Station relocation is key to more homes planned for Waterbeach
PUBLISHED: 13:52 27 April 2017 | UPDATED: 14:13 27 April 2017
Developers say the station could be part of a local service along a ‘necklace’ of stops.
Plans for between 1,500 and 2,500 additional new homes in Waterbeach were revealed to the public last week, as well as proposals to relocate the railway station.
Following property developer Urban&Civic’s 6,500-home planning application, RLW, the other promoter for the Waterbeach new town, showed its plans at a public exhibition in Waterbeach on Saturday (April 22). The new town could have 10,000 homes.
While it is the decision of South Cambridgeshire District Council, considering the new Local Plan, as to how many homes could be given the go-ahead and who they would be built for, moving Waterbeach railway station and sewage treatment facility appear to be key to the scheme.
Developers say the station suffers from poor connectivity via all modes of transport and increased use of it as it stands is not an option. They propose moving it north of the current site. Station Road residents would be faced with a walk of 15-20 minutes or a bike ride of 6 to 8 minutes to reach it.
Chris Goldsmith, director of developer Turnstone, which is involved in the project along with St John’s College, Royal London Asset Management and a local landowners’ trust, said: “This is predominantly to serve all people, not just people who work in Cambridge Science Park.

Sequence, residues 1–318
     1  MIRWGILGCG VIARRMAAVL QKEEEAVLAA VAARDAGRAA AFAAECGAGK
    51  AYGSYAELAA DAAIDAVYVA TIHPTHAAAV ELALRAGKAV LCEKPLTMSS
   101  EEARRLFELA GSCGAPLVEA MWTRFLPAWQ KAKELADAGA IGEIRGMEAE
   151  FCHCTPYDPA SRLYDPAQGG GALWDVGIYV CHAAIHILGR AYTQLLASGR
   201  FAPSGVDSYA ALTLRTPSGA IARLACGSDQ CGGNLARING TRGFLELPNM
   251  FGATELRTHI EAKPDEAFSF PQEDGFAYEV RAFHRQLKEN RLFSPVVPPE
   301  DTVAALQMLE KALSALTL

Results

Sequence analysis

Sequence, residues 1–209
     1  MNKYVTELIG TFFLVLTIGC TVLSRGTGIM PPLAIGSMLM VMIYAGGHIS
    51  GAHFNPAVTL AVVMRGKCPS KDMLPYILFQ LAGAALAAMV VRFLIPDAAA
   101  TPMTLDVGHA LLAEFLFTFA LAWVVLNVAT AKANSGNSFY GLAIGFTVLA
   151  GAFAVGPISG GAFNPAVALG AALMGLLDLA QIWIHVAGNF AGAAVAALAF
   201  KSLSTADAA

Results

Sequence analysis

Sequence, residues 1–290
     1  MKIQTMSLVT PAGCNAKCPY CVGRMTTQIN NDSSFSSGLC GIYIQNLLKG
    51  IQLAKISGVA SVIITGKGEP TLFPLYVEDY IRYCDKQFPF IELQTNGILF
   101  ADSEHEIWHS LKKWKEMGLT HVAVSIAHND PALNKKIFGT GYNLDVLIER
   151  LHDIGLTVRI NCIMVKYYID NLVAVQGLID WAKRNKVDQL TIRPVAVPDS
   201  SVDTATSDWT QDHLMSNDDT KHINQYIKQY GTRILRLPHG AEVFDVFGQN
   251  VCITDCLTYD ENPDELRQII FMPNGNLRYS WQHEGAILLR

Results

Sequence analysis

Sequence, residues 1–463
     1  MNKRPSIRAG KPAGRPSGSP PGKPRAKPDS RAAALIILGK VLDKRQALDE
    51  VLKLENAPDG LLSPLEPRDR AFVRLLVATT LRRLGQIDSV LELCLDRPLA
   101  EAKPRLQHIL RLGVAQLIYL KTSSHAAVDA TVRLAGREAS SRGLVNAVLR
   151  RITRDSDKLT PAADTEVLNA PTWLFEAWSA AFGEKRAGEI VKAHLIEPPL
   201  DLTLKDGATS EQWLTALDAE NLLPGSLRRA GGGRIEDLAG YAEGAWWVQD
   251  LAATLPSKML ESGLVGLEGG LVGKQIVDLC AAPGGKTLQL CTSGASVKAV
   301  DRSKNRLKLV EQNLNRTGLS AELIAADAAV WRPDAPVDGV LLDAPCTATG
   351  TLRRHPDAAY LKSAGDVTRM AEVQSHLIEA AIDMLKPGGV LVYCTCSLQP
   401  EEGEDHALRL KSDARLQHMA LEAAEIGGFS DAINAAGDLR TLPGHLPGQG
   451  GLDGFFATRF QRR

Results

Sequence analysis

“This is to solve a Cambridge issue, and that doesn’t mean to say Waterbeach is a part of Cambridge, it’s solving an issue for Waterbeach and people who want to live in Waterbeach at the moment but are priced out and need to live miles away.
“I don’t see any reason why we can’t achieve 40 per cent affordable housing and get a mix of tenures. It’s not just about owning, it’s renting as well, having one-bedroom and four-bedroom houses, and getting that mix right.”
Of the station move, Mr Goldsmith said that a shuttle service could run people into the city’s two stations, potentially three, with those services originating in Waterbeach or Ely.
“Cambridge is not going to be served by just one station, you’ve got a necklace of stations that you can start running a local service on.”
Waterbeach residents were not as keen on relocating the station.
One resident said that the move would mean fewer people parking in Station Road. These parked vehicles act as a traffic-calming measure at present and their removal could see the road become a rat-run for people entering Cambridge from the east via Fen Ditton.
Further concerns are that this area of Waterbeach, which has become something of a community centre, would lose a key function and some of its character.